A few months after the realisation of the first hybrid GISF Forum, Laura Van de Vloet, Project and Membership Officer at GISF shares her reflections on the three days event and how GISF is adapting to the pandemic.
‘GISF is great and the forum was excellent! This may have been one of the most engaging forums I have attended! (And that’s even with it being virtual!) Well done and thank you to the whole secretariat who have worked so hard to organise, prepare and run the event – you did an excellent job!’ – Forum participant
2020 has been a whirlwind for us all. As organisations and individuals, we had to change the way we work, which most recently meant for GISF organising the bi-annual Forum in a hybrid format. A job that came with challenges but also opportunities to do things in a new way.
GISF’s second 2020 forum took place over three days, between September 29th – October 1st, both in-person and virtually. While we acknowledged the importance of respecting COVID-19 restrictions on travel and meetings, we also knew that a key element of our forums is to create opportunities for members to meet and connect in-person. We, therefore planned for a hybrid event, allowing a dozen of GISF’s UK based members to meet face to face in London on the 29th, while the majority of members joined the event online that day, and the other 2 days being fully virtual.
“I thought the online format worked better than I had expected which was great. I also found all the sessions very relevant and had lots of take-aways. The discussions on Acceptance and the Comms session were highlights.” – Forum participant
Taking into account the repercussions of COVID-19, this forum explored a variety of topics. Amongst others, we looked at opportunities and challenges attached to collaborating with different actors, including the UN and Private Security Providers (PSPs). Members discussed recent changes in, and future evolutions for Saving Lives Together (SLT), and learned about the Telecommunication Security Standard (TESS) Project developed by the UN. Participants then explored issues related to working with Private Security Providers, building on the latest module that was developed by GISF and International Code of Conduct Association (ICoCA).
The forum was an opportunity to reflect on key issues for the humanitarian sector, including diversity, decolonisation and anti-racism, and what they mean for security risk management. As part of this conversation, GISF presented its latest research paper Partnerships and Security Risk Management: from the local partner’s perspective, inviting members to question their biases and partnerships through role-play and scenarios.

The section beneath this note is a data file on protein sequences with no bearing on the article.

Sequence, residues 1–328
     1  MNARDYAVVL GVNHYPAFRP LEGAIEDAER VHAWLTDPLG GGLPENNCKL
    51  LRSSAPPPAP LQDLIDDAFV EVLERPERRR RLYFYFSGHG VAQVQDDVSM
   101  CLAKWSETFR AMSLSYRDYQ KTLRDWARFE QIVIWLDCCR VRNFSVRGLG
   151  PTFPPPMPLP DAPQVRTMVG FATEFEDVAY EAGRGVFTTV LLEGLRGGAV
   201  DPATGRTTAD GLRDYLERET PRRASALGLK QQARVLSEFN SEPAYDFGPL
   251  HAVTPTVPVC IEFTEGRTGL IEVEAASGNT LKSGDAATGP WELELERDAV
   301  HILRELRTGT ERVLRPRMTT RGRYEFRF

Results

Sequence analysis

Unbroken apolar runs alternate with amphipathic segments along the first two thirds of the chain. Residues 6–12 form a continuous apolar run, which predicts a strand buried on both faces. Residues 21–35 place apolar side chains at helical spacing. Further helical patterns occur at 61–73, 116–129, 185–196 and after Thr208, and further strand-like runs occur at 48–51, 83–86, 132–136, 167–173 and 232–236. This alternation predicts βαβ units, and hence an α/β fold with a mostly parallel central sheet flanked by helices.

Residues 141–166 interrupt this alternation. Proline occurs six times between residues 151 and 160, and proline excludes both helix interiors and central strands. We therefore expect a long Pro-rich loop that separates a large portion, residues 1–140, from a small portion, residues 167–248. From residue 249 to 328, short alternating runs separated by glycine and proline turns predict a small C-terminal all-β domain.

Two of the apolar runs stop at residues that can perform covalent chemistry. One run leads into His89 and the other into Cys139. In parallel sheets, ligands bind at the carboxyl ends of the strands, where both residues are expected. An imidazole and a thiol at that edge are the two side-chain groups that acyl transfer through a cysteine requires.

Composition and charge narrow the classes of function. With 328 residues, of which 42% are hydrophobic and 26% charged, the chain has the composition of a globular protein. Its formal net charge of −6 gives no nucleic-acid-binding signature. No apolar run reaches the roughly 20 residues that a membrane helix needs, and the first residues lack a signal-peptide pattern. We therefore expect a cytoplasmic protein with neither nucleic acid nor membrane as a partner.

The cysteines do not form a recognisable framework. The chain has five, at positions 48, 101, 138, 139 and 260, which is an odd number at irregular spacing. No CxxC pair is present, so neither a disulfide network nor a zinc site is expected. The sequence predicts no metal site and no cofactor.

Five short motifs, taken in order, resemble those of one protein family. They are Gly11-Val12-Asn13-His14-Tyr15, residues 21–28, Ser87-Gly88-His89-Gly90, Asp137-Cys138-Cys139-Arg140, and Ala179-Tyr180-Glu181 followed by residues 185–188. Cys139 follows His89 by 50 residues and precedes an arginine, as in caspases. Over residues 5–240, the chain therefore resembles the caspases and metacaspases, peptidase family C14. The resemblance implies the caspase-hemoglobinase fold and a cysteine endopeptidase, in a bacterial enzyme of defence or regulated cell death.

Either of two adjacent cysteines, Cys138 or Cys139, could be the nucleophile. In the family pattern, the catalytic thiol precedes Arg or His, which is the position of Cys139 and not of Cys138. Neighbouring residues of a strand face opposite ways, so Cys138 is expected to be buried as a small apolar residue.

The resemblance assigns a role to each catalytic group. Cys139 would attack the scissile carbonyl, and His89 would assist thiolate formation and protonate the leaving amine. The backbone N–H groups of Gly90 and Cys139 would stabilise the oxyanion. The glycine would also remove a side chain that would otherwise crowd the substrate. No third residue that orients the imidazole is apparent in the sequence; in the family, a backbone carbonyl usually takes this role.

During the annual Priority Setting Session, members identified key topics and questions for security risk management, including:
- Partners and Localisation– how to best share risks in partnerships?
- Acceptance– what does it really mean to be accepted or are organisations rather tolerated and how can we measure this?
- Awareness & Capacity-building for Senior Leadership– how can we better achieve buy-in from senior leadership and improve communication regarding security successes but also challenges?
Challenges and opportunities of a Hybrid event
We quickly realised that we couldn’t design this event as we would for in-person or fully virtual events. We had to ask ourselves new questions: How could we engage an audience virtually and in-person, at the same time? How could we shift the design of each session to keep participants’ attention? How could we tackle what we call ‘zoom fatigue’? How could we create a safe space encouraging questions and dialogue when people don’t actually see each other?
All these questions initially looked like challenges, but when taking a few steps back allowed us to see opportunities that came with this new format. A group more diverse than ever could now attend the forum, such as representatives of smaller NGOs that wouldn’t have the resources to travel, all bringing their own perspective to the conversation. We didn’t have to worry about the number of participants, allowing Security Focal Points (SFPs) to invite colleagues, joining for those sessions that were most relevant to their line of work. On top of that, it’s safe to say that this forum had its lowest carbon footprint so far.
‘See’ you in March
As the pandemic pushed us to do things differently, it offered GISF a chance to rapidly improve its digital capacity and understanding of the virtual sphere. This newly gained experience will help us to leverage the best of both worlds during, but also after, the pandemic. We are determined to continue mobilising the virtual world, which will allow for more inclusivity and diversity in our events. At the same time, we are ever more aware of the vital role that face-to-face interactions play for GISF as an organisation which relies on peer support. We know that in-person meetings stimulate relationship building and learning, in a way that can’t be replaced by the virtual environment.
GISF is excited to continue working on the topics explored in September and to incorporate the learnings from this first hybrid event for our next forum in March. Once again, we would like to thank all of those who spoke at, attended, and supported this event.
‘Even COVID-19 can’t take this network down, well done!’
Members can access the forum notes here.
About the author:
Laura works as GISF Projects and Membership Officer (Europe). Having previously worked with the UN and NATO, she is now responsible for tracking, maintaining and enhancing GISF member engagement. The primary function of her role is to develop the member services component of GISF, including bi-annual forums, workshops and podcasts exploring different security topics.
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